Since there seems no end to the decline in newspaper circulation and advertising, the two papers are surely doomed, as print publications at least, unless they find new sources of revenue. But are newspapers that employ hundreds of journalists from mostly white, middle-class backgrounds, and pay their top writers, editors and other executives six-figure salaries, right to seek charitable largesse? If big media organisations grab donations, smaller, more local and – ahem – less spendthrift operations may get squeezed out.

Moreover, philanthropy nowadays seldom comes without strings. Among the first big donors to the Guardian are foundations set up by eBay founders. They will happily finance reporting on, for example, slavery and climate change but not, I think, on the tax affairs, employment practices and monopoly powers of Silicon Valley firms.

Weeding out the weak

As I wrote last week, cheating is endemic in education. Now it emerges that sixth-formers at St Olave’s Grammar in Orpington, south-east London, were thrown out of A-level courses if they didn’t get at least three B grades in first-year exams. Many other schools, including comprehensives, follow similar practices.

A-levels have six pass grades and more than 40 per cent of subject entries get C, D or E. As one teacher told me, even an E is “a real achievement for many”. The average entry standard at more than one in four universities is lower than three Bs. Ignore the twaddle about motivating students to aim high. St Olave’s and other schools game the system to improve their positions in the A-level league tables by weeding out weaker candidates. Everyone in the education industry knows this. Who cares? The English education system is built on failing students and excluding them from advancement into largely self-perpetuating elites.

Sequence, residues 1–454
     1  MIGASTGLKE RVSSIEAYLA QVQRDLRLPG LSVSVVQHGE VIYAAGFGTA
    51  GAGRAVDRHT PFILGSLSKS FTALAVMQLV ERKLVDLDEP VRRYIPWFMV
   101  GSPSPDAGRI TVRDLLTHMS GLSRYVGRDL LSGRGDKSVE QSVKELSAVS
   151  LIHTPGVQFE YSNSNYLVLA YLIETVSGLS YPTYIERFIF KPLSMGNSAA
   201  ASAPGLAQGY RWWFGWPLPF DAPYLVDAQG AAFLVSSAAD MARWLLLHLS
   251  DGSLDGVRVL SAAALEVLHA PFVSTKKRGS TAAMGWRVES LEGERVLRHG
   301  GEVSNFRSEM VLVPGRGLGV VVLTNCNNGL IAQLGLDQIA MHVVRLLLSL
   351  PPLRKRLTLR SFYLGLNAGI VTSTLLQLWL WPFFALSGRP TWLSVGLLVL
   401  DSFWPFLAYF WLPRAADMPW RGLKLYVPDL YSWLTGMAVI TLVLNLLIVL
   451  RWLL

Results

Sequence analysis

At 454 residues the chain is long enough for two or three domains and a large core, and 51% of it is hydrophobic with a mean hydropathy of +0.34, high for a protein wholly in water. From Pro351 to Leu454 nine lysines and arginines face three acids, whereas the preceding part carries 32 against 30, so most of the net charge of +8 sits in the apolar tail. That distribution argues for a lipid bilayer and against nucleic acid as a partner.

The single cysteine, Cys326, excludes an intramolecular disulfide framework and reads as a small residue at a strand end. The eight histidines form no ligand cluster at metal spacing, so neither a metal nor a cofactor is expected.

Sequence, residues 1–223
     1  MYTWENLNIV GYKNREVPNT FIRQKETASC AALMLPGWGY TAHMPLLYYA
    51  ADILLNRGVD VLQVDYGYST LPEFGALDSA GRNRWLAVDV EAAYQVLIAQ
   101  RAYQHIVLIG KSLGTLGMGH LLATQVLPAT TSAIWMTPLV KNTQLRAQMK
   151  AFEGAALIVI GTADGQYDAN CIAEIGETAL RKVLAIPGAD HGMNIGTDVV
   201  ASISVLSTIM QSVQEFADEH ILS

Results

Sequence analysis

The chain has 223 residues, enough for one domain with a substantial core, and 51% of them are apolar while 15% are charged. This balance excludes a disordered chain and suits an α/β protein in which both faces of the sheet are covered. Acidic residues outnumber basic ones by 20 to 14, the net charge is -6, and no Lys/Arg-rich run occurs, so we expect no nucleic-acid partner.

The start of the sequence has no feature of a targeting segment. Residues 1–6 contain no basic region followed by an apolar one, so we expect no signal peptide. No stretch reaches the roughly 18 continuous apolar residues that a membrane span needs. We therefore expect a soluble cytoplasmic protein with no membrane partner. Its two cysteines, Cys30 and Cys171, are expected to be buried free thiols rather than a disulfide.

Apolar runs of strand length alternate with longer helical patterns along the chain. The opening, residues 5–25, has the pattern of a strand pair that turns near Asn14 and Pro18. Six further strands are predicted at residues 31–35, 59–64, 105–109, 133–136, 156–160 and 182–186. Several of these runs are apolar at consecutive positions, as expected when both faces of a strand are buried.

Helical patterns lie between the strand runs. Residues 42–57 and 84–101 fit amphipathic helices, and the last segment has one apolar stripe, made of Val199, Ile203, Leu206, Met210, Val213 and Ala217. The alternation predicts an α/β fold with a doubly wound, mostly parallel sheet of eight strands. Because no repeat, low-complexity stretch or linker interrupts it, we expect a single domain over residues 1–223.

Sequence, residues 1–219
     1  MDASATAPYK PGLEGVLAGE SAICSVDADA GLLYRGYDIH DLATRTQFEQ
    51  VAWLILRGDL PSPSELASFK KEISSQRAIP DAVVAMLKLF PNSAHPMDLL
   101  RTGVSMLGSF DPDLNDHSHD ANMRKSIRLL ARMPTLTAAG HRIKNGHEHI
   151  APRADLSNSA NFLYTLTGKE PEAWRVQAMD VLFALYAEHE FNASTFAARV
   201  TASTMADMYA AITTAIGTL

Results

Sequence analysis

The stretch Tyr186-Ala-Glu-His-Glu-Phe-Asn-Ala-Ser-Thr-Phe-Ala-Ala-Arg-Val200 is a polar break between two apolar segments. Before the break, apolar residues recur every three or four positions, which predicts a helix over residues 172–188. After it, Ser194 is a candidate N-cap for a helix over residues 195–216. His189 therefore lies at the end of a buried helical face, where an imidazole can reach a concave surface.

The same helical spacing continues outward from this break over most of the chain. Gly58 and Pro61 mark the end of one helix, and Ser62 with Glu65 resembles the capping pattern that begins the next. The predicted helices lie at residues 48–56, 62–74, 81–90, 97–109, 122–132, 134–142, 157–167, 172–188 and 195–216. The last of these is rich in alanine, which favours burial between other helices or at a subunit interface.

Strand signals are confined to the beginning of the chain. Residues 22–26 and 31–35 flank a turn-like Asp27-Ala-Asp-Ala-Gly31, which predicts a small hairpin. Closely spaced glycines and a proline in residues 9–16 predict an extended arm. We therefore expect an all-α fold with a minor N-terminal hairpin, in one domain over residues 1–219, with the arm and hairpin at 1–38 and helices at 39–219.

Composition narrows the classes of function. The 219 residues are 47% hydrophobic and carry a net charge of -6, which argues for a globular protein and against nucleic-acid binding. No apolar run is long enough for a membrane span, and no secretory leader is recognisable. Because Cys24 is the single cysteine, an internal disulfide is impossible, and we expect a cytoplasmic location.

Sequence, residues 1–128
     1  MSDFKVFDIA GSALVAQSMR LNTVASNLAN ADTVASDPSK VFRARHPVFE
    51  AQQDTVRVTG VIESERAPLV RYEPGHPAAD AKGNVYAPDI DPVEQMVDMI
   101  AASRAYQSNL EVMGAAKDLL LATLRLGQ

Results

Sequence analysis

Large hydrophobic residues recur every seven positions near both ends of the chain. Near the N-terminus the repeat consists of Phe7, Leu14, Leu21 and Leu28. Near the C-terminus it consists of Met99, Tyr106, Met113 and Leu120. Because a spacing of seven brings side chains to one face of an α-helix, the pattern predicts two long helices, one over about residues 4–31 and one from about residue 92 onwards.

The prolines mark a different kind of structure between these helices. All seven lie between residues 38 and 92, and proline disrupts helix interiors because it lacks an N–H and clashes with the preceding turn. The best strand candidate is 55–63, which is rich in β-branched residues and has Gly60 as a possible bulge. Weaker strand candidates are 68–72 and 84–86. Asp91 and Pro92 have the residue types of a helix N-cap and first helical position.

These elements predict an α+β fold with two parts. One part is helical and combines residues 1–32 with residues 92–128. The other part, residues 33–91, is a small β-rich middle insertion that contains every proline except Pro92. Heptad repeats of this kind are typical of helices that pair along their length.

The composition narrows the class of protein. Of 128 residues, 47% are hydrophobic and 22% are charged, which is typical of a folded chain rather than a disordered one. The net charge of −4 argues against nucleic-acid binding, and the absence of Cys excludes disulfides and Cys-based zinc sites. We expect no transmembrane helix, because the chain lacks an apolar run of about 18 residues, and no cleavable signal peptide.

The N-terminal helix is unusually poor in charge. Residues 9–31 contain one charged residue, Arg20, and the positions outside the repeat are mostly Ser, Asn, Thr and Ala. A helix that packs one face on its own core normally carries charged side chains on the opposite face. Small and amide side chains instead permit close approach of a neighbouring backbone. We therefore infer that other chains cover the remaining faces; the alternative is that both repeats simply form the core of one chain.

Not seen on screen

Ding-dong. A parcel delivery, but not for me. They are online orders placed by absent neighbours. If your neighbours have teenage girls, who apparently order clothes online at least three times a week, you are at particular risk. The market value of the online fashion firm Asos, it is reported, has almost overtaken that of Marks & Spencer.

I am convinced this is a passing phase. The Wilby family does not buy anything – clothes, furniture, lamp shades, bed linen, towels, curtain material – unless we have, as it were, seen it in the flesh. Whatever something looks like online, its colour, style, shape and texture will look quite different when it arrives. No doubt online shoppers send back the goods and demand a refund or replacement. They will eventually realise that it’s less trouble to go to a shop. 

Peter Wilby was editor of the Independent on Sunday from 1995 to 1996 and of the New Statesman from 1998 to 2005. He writes the weekly First Thoughts column for the NS.

This article first appeared in the 07 September 2017 issue of the New Statesman, Corbyn’s next move